"Ignorance, allied with power, is the most ferocious enemy justice can have."

— James Baldwin

Background image: Linotype operators at the Chicago Defender, an African American newspaper, in Chicago, Illinois. April 1941. Library of Congress.
Image credit:
Linotype operators at the Chicago Defender, an African American newspaper, in Chicago, Illinois. April 1941. Library of Congress.


December 3, 2019

KUAF Public Radio

In 1619, the first African slaves were brought to the colonies beginning what is now 400 years of African-American history in the U.S. A Fayetteville church recently commemorated that milestone with a ceremony at dozens of unmarked graves found on its property several years ago.

The Observer

Inspired by the New York Times Magazine’s “The 1619 Project,” the Center for Women’s Intercultural Leadership (CWIL) director Mana Derakhshani, along with Office of Civic & Social Engagement (OCSE) director Rebekah Go and junior Tyler Davis, organized the circulation of dozens of posters around Saint Mary’s that feature provocative quotes from the series. 

November 30, 2019

Atlanta Black Star

It was an occasion worth celebrating as over 100 Africans-Americans and Afro-Caribbeans made it official by becoming Ghana’s newest citizens in a special ceremony Wednesday.

November 26, 2019


Angela landed in the Virginia Colony in the sweltering summer of 1619, after being brutally snatched from her native Africa. Along with other Africans, she was held captive in the bowels of a boat bound for a strange new land. That crossing, some 10,000 nautical miles that became known as the Middle Passage, was harrowing. It would establish the race-based system of bondage that led to 246 years of slavery in America.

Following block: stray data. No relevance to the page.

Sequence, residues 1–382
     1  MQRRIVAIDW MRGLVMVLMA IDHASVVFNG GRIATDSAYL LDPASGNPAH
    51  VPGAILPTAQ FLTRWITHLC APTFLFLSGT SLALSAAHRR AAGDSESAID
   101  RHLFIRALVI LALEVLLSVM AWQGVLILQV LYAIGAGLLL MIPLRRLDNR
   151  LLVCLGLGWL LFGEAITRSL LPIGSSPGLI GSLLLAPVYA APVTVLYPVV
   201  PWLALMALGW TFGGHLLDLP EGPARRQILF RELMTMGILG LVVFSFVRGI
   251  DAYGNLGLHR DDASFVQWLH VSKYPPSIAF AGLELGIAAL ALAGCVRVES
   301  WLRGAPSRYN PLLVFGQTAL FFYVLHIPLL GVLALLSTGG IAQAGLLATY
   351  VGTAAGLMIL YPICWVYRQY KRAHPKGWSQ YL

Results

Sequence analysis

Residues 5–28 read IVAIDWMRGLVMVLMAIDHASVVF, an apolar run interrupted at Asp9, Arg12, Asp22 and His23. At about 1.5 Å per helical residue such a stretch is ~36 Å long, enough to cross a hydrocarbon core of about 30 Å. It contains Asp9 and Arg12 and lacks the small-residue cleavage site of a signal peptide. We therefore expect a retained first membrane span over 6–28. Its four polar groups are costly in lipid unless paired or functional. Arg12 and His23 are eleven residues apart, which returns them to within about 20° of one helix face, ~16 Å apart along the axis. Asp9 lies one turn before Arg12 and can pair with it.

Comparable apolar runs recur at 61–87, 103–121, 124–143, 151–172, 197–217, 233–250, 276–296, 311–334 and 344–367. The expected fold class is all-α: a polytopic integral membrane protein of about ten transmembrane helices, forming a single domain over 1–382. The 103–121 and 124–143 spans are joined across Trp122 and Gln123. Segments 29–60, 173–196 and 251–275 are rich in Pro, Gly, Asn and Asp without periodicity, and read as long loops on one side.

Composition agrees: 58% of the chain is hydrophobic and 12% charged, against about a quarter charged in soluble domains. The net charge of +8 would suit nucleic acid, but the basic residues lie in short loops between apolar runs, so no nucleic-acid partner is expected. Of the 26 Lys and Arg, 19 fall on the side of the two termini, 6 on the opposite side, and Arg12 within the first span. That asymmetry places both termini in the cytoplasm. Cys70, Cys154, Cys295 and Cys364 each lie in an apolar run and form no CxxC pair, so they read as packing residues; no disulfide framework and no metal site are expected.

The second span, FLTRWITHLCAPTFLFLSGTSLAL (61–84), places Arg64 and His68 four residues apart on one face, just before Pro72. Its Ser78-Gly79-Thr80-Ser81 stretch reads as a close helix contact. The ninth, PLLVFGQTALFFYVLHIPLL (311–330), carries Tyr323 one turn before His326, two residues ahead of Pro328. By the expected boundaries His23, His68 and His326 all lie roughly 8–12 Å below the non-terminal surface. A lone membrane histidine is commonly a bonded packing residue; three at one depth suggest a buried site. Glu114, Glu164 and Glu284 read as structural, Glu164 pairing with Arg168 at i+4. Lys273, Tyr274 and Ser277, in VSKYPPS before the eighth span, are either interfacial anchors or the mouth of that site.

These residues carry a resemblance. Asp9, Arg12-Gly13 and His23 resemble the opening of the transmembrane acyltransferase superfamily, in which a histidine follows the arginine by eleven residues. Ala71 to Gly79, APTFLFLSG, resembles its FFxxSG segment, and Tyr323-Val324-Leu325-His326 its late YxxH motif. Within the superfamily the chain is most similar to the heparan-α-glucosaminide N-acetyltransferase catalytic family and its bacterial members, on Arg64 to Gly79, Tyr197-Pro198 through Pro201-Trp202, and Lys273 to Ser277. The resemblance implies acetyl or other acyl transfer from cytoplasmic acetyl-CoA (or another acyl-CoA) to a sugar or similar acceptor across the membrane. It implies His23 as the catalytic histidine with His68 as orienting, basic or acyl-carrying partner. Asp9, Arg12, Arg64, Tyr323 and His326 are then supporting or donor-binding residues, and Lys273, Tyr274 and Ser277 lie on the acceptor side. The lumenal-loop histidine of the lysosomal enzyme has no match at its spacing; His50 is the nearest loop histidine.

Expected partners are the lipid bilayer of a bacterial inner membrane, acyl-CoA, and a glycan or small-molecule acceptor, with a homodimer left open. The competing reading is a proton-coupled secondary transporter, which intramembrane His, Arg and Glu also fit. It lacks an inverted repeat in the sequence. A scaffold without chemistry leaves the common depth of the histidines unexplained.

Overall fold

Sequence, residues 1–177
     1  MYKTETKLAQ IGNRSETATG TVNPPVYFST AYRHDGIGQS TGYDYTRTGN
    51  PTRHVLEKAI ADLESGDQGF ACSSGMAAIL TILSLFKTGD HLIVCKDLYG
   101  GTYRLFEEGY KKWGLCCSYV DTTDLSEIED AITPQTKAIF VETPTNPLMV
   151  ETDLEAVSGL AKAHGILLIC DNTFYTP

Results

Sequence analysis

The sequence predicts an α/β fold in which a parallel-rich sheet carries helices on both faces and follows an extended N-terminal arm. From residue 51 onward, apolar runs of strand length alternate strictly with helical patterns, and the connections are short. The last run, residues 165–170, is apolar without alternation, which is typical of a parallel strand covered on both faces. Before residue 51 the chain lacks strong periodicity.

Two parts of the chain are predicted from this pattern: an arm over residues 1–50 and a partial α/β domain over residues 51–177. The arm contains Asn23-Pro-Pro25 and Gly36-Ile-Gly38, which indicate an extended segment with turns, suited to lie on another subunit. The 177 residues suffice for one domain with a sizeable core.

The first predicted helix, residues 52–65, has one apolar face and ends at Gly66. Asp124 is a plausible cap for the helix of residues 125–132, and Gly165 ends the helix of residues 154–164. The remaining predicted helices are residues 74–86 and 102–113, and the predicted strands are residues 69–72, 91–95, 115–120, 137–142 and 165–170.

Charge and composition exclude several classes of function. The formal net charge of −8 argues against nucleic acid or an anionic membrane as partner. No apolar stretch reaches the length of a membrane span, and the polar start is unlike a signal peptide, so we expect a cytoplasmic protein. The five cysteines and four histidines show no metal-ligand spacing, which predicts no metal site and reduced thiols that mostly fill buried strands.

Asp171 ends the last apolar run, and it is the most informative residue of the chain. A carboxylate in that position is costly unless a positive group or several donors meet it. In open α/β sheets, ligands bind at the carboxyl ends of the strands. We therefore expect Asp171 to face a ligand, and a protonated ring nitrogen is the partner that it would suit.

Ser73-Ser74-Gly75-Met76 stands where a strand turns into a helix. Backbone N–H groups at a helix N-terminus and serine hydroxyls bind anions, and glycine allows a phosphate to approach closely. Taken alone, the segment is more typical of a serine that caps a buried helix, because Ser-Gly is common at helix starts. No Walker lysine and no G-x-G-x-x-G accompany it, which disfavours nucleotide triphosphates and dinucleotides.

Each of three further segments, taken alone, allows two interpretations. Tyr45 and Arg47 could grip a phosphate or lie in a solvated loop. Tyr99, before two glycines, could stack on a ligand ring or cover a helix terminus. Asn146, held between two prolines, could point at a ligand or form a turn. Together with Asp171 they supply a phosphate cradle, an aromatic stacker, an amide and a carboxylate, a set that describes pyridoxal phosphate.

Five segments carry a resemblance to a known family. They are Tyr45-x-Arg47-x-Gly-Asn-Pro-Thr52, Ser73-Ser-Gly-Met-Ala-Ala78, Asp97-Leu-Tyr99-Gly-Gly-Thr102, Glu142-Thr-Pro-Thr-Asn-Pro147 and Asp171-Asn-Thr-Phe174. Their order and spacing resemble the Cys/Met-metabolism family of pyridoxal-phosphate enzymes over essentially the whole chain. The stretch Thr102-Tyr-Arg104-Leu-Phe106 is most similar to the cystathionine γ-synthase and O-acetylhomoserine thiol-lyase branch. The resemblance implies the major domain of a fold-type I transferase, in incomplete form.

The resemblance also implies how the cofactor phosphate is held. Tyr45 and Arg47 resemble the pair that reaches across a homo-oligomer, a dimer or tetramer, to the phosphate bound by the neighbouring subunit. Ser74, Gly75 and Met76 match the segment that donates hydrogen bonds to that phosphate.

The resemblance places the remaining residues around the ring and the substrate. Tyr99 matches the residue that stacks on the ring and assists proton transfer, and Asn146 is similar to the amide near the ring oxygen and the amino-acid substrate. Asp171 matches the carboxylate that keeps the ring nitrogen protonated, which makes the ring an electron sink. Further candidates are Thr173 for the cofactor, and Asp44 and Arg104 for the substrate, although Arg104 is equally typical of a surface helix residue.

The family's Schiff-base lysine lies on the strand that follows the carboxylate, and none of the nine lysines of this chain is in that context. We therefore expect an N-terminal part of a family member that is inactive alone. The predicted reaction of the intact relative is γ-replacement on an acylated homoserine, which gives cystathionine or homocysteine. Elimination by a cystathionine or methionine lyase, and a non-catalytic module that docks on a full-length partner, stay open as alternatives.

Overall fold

November 24, 2019

PBS NewsHour

In 1811, more than 200 enslaved people in present-day Louisiana launched the largest insurgency of people in bondage in U.S. history. The revolt lasted only a few days before the poorly armed rebels were crushed by a militia and U.S. troops. But more than two centuries later, their story is living on in a performance called "Slave Rebellion Reenactment." Special Correspondent Brian Palmer reports.

November 17, 2019

The San Diego Union-Tribune

The “1619 National Celebration of Black Women Exhibit” aims to recognize, honor and be inspired by the contributions made by African American women since the first enslaved men, women and children from Africa set foot on American soil 400 years ago.

November 15, 2019

Florida Headline News

For some people, public discussions about a national news story involving race may serve a cathartic function. This is problematic since when interest in the case wanes, the problems remain. Thus, too often we have allowed discussions about high-profile cases to substitute for real race work.

November 12, 2019


In the New York Times’s “1619 project” marking the 400th anniversary of enslavement in the United States, Nikole Hannah-Jones reflects on the making of American democracy by contemplating what citizenship looks like in absence of legal rights and recognition.

November 10, 2019


This year is a significant one in American history, because it recognizes the 400 years that have passed since the arrival of the first Africans in English North America.

It is the remembrance of the tragedy, travails, and trauma that befell these Africans who in 1619 were forcibly landed at Old Point Comfort, which is now Hampton. Understanding the legacy of the African landing is crucial to comprehending our trajectory as a country and the critical role of cultural diversity in American life.

delmarva now

During the last leg of his 5,000 mile journey rowing across the Atlantic Ocean in 2014, Don Victor Mooney experienced the Delmarva Peninsula, where Harriet Tubman was raised and later escaped slavery. 

"She used nature to navigate to freedom," Mooney said last week.